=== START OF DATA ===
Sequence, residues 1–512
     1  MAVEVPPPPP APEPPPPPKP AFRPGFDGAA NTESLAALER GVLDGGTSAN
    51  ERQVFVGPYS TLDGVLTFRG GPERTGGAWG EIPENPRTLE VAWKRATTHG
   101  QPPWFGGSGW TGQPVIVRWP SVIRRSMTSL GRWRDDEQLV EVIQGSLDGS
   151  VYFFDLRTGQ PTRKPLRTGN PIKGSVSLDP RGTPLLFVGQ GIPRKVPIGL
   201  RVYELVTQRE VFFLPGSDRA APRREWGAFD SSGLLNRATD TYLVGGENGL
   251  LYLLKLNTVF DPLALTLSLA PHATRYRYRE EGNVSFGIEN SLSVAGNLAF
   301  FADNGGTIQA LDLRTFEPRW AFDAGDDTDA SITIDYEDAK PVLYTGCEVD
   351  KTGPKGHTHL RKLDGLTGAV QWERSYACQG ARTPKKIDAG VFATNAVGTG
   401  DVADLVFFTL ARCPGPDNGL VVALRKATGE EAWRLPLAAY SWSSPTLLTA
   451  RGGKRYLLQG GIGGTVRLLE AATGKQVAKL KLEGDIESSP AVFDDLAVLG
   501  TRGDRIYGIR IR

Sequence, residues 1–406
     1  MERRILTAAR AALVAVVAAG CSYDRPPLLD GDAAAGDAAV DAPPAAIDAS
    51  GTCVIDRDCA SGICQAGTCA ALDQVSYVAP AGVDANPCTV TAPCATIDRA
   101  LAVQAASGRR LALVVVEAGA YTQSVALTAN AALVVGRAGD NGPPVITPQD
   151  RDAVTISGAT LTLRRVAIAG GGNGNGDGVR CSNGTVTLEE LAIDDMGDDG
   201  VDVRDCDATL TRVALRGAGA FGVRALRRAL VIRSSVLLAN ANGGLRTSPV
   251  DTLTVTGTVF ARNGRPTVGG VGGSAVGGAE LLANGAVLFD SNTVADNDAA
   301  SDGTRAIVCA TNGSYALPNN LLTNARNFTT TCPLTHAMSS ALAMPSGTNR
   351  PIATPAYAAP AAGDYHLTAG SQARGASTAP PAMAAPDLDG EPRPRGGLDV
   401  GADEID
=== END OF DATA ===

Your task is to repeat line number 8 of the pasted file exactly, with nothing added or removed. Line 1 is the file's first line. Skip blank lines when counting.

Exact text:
   301  FADNGGTIQA LDLRTFEPRW AFDAGDDTDA SITIDYEDAK PVLYTGCEVD